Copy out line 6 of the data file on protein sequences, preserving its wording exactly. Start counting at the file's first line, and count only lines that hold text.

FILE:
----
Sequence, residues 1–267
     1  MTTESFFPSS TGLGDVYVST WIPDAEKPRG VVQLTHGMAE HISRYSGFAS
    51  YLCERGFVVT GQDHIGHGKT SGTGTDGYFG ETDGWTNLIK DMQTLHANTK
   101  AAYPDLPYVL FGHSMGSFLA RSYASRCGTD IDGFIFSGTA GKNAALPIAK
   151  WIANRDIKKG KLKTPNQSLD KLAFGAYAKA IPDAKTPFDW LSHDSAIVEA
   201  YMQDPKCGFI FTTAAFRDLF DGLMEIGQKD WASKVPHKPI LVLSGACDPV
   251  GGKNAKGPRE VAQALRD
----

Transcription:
   201  YMQDPKCGFI FTTAAFRDLF DGLMEIGQKD WASKVPHKPI LVLSGACDPV